America - Lost in the Middle East

Were Obama’s mistakes in the Middle East inevitable? Not necessarily. The U.S. had one friend in the area - Israel. A stable democratic country and a strategic ally.

Moshe Arens
Moshe Arens
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A defaced poster of U.S. President Barack Obama in Cairo. How could Americans understand the intricacies of the Arab and Muslim world?
A defaced poster of U.S. President Barack Obama in Cairo. How could Americans understand the intricacies of the Arab and Muslim world?Credit: AP
Moshe Arens
Moshe Arens

According to Thomas Friedman, the New York Times columnist, Barack Obama’s prescription for U.S. foreign policy is “Don’t do stupid stuff.” As a guide to the conduct of foreign policy in the Middle East, that was evidently not enough.

Obama’s best laid plans for that area of the world have come to naught. Worse, thousands of American lives have been lost, trillions of dollars have been wasted and turmoil in the Middle East has only gotten worse. What were advertised as achievements have turned into failures. Enemies of the U.S. are in control of most of what used to be Iraq and Syria, and Washington in desperation is turning to none other than Iran for help.

This is obviously not what Obama had in mind when he arrived in Cairo on June 4, 2009, and gave his “New Beginning” speech. Emphasizing that his middle name was Hussein, that he had spent his youth in an Islamic environment, and quoting liberally from the “holy Koran,” he tried to make it clear that he was uniquely qualified to understand the Muslim world and bring about an understanding and an end to hostility between it and the U.S. There was, he said, going to be a “new beginning” in that relationship. His speech reflected great dreams and pious hopes, but hardly a realistic appreciation of the Middle East and the developments in the Muslim world.

It turned out that his Islamic credentials and his good intentions did not stand him in good stead in the Muslim world. To radical Muslims, Shia and Sunni, on the rise in the Middle East, his Cairo speech must have seemed as a sign that Muslim terrorist attacks against U.S. targets were bearing fruit.

To be fair to Obama, his administration was not the first to make serious mistakes in Middle East policy. Harry Truman, although being the first to extend U.S. recognition to the State of Israel, imposed an arms embargo on the Jewish State while it was resisting the invasion of the combined Arab armies, forcing it to turn to communist Czechoslovakia for the supply of weapons during Israel’s War of Independence. Dwight Eisenhower applied brutal pressure on David Ben-Gurion to withdraw from Sinai and the Gaza Strip after the Suez campaign, a decision he later regretted. The Reagan administration provided support to Saddam Hussein during the Iraqi invasion of Iran. With a few exceptions here and there, U.S. Middle East policy over the years was a series of blunders.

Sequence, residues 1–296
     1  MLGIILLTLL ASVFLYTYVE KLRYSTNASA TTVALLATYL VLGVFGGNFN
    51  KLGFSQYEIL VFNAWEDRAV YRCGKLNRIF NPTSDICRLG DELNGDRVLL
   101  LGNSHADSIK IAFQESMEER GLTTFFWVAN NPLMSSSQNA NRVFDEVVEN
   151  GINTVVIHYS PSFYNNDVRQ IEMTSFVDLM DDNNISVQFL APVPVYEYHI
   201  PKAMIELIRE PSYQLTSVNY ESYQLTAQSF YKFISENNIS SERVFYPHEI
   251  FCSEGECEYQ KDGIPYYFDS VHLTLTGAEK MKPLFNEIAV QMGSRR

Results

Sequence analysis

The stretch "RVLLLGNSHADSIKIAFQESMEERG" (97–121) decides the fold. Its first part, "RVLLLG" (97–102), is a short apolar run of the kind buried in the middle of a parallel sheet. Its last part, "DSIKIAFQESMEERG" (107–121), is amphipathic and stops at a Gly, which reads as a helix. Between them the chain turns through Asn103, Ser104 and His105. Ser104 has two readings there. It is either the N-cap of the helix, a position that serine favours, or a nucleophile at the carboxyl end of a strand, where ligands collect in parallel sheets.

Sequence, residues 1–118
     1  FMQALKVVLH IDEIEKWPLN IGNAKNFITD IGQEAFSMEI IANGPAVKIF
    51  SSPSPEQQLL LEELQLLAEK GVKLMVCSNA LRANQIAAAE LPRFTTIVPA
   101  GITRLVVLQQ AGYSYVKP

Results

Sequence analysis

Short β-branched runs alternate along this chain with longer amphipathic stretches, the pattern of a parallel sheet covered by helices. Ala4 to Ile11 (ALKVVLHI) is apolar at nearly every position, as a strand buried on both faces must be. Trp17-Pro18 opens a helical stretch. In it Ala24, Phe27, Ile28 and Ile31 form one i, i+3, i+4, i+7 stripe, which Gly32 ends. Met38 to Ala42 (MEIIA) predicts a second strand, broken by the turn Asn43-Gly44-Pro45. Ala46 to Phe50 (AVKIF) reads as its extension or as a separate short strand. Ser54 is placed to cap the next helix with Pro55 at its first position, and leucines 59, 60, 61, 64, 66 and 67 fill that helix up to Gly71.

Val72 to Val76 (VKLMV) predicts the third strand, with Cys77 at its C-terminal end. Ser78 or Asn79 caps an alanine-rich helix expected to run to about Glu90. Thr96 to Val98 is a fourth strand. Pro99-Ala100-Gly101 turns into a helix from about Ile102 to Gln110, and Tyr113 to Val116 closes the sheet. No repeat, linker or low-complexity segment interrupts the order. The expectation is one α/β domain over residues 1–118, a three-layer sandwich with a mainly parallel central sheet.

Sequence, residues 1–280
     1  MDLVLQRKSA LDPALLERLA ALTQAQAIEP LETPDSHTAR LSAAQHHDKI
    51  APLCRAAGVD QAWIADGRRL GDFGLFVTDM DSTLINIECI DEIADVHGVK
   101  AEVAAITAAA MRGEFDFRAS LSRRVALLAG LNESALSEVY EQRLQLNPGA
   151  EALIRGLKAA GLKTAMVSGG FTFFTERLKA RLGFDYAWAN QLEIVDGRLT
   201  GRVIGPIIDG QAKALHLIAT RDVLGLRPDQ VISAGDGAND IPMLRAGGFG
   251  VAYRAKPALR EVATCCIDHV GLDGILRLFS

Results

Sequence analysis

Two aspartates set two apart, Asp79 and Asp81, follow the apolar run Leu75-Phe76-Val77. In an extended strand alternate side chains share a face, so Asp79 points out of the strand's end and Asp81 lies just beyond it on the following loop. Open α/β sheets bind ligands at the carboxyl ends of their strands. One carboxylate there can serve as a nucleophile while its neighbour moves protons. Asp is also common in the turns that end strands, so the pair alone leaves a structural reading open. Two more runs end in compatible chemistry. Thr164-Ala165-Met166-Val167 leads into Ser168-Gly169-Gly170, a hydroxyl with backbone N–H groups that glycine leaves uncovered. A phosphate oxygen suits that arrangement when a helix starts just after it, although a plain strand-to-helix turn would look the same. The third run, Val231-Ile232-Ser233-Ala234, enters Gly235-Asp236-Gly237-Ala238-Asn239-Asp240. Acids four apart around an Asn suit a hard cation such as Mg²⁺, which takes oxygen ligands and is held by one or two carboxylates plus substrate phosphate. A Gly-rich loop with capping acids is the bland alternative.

And no wonder, how could Americans understand the intricacies of the Arab and Muslim world? The difference between Hezbollah, Fatah, Hamas, Islamic Jihad, Al-Qaida, Jabhat al-Nusra, and now ISIS? Or the mind set of the Islamic fanatics in Tehran building long-range missiles and developing nuclear bombs? Many of America’s political scientists and diplomats had honed their strategic and political skills during the Cold War and succeeded in handling it well until the fall of the Soviet Union, but the Middle East was another matter entirely.

Were Obama’s mistakes in the Middle East inevitable? Not necessarily. The U.S. had one friend in the area – Israel. A stable democratic country and a strategic ally of the U.S. But not only that – it was the country with the highest concentration of experts on the Middle East and the Arab and Islamic world anywhere. It had a leadership with many years of experience in dealing with terrorism. Israeli expertise could have served America well and possibly prevented some of the mistakes made by the Obama administration.

But Obama decided to pick a fight with its best friend in the area. Already in his Cairo speech his message was clear. Referring to Israeli settlements in Judea and Samaria, he declared: “It is time for these settlements to stop.” In the years to follow he let it be known that he expected Israel to withdraw to the 1949 armistice lines, which he preferred to call the 1967 lines. His criticism of the Israeli government and his pressure on Israel never let up. It was hardly a climate to produce close cooperation and consultation on other matters. It may have been an opportunity missed.

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